In the studio this week was Green Light Gang, a west side Chicago collective of rappers and singers.
GLG has been coming to Studio 11 for years, sometimes solo dolo, other times with fellow west siders The Dutch Boys. Collectively their catalog is huge, and continues to grow. These guys have a knack for finding cool and abnormal beats, which is really refreshing for us here considering how Soundclick has changed the game.
Here we get to see Taka, working on his new joint “Blow Minds Away“, to be released on GLG’s next project. The song features a spaced out beat, a melodic hook, and a particularly “smokey” tone on the verses. The half sung vocals on the hook and uplifting feel of the beat help make this one a classic Chicago Lake Shore Drive ridin’ song.
Since the beat is still building in the beginning, we decided to start the song with an un-stacked hook to give listeners a taste of what is to come. Once the drums enter, Taka starts his verse with a direct flow, working around the beat’s interesting rhythmic aspects, with the clap only falling on the “2,” similar to a lot of Dub Music.
On the vocal mix I used some of the newer Waves pluggins from the Hybrid Line, utilizing a variation on the tape delay preset from the H-Delay. Taka’s vocals have a lot of life and dynamics on this track, and the beat had plenty of headroom, so I didn’t need to compress much…and the compression used was in parallel, using the Waves H-Comp.
Taka also has very present upper harmonics in his voice, so not much hi-shelving was needed, but I did have to do some low mid dip using the Sony Oxford GML eq. In front of the eq is a Waves R-De-esser to tame the sibilance.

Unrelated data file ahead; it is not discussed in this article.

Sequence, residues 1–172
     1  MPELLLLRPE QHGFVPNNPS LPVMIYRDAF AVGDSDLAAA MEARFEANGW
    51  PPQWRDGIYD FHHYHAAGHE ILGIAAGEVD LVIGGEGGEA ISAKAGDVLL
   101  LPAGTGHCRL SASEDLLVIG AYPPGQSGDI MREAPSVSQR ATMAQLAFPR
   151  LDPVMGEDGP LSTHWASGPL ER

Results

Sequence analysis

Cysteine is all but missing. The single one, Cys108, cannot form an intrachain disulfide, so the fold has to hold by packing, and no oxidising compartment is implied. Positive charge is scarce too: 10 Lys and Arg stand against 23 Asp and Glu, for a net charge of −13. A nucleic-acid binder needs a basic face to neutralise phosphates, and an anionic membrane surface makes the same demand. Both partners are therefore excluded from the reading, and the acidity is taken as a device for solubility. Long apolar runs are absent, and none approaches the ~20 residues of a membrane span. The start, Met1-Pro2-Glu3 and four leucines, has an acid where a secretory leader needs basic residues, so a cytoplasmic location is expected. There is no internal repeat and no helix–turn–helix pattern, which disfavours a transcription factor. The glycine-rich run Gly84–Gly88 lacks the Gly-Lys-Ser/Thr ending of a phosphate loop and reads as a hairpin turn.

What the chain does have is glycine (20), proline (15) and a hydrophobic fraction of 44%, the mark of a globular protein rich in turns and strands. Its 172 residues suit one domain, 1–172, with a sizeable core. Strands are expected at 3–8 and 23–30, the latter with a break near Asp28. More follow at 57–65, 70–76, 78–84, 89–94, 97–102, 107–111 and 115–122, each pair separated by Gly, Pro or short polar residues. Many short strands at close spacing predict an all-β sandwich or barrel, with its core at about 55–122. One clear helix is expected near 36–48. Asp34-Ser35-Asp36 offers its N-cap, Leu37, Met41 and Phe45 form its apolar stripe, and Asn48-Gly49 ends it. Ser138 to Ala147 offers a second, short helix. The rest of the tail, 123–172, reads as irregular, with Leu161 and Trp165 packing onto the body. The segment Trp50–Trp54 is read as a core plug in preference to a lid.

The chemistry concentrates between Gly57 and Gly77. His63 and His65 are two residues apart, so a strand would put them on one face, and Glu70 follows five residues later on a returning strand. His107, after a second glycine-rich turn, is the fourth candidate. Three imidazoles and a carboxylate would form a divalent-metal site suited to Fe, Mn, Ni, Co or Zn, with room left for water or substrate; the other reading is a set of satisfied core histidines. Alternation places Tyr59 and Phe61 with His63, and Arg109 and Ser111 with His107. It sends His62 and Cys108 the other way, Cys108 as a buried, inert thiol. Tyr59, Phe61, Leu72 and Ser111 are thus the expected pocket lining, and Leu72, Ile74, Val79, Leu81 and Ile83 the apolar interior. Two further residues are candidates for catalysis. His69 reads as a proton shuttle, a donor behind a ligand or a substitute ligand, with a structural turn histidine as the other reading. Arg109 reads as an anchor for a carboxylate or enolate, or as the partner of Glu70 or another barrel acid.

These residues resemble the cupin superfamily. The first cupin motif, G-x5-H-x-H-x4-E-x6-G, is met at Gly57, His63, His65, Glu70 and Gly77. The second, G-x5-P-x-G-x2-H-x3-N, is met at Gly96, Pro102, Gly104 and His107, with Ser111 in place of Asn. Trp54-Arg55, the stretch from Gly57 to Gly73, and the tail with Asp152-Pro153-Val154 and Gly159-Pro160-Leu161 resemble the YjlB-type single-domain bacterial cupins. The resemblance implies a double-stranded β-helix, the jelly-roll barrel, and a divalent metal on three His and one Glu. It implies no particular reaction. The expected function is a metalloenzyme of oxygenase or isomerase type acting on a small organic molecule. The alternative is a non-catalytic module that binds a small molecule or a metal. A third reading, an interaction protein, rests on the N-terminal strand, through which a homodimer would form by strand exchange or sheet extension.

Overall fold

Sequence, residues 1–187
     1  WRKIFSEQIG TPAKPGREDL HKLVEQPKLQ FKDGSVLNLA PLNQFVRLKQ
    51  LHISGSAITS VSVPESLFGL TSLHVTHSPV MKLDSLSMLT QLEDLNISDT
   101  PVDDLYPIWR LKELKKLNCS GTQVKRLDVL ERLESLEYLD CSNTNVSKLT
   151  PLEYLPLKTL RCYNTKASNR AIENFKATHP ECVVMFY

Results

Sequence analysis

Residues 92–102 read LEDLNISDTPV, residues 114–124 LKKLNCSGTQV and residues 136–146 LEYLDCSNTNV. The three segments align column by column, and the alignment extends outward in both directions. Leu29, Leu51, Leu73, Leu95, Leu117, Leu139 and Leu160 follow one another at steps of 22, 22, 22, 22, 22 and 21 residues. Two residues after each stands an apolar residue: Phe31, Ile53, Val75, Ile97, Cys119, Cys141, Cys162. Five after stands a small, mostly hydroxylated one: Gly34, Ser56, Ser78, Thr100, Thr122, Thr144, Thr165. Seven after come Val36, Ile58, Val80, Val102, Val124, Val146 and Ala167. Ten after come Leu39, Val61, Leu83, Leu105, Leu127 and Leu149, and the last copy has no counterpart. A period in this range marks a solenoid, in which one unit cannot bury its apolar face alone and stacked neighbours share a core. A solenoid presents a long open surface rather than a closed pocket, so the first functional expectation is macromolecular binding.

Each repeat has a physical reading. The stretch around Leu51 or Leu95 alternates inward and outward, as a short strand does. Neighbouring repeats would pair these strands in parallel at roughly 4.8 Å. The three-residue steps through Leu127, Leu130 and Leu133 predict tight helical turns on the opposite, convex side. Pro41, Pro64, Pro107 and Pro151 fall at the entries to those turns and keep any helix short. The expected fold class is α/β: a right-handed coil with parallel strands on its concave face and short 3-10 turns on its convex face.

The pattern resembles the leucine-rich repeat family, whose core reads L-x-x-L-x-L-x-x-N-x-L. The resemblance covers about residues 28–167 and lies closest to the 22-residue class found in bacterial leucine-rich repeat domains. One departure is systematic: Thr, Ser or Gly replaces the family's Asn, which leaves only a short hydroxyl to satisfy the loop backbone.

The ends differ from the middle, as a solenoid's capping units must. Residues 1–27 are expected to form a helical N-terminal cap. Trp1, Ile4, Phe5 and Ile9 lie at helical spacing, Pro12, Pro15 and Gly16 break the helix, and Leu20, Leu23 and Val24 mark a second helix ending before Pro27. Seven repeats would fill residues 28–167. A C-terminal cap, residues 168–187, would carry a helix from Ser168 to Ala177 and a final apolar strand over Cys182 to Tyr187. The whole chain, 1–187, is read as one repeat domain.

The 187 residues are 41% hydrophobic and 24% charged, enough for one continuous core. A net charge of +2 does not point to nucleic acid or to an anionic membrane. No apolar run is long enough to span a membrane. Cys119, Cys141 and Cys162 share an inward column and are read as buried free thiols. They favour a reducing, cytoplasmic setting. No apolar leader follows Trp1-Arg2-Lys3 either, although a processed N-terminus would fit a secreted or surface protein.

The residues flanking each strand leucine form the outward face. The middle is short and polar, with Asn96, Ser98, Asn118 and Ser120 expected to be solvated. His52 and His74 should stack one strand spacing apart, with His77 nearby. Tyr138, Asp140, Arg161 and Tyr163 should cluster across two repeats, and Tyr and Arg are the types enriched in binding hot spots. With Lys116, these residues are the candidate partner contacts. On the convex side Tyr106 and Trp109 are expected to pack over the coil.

The goal on this mix was to achieve a laid back, un-aggressive sound while still capturing the energy and animation. Be on the lookout for GLG’s next mixtape, coming soon.
About the Free Music Archive:
The Free Music Archive is an interactive library of high-quality, legal audio downloads. The Free Music Archive is directed by WFMU, the most renowned freeform radio station in America. Radio has always offered the public free access to new music. The Free Music Archive is a continuation of that purpose, designed for the age of the internet. (Read More)
For the first Studio 11 release on the Free Music Archive, we have featured James Curd of Greenskeepers and Ziggy Franklin: (Read The Full Story)
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The history of Studio 11 and Kompute Records dates back a decade – easy. Our cumulative group of friends met at classic venues like Karma on Grand and underground rave parties throughout the city. Some of the earliest memorable Kompute recordings featured artists such as Hidden Variable, Soultek (Steve Hitchell of Echospace), and Billy Dalessandro. The sounds at the time were of a pioneering direction with almost no constant. From hard beating techno soundscapes to trippy minimal cuts, there was a broad scope of ideas. As time swept forward, so did the direction. Some of Kompute’s establishing artists went on to pioneer sounds of their own and in that time the new Kompute sound emerged. While giving a steady nod to the Chicago legacy of the past, the new Kompute is a culmination of great things that have come before and what is yet to be.
Hot Mix 5 - WBMX - Chicago - From left to right (back): Scott "Smokin" Silz, Ralphie Rosario, Farley "Jackmaster" Funk; (front) Kenny "Jammin" Jason and Mickey "Mixin" Oliver.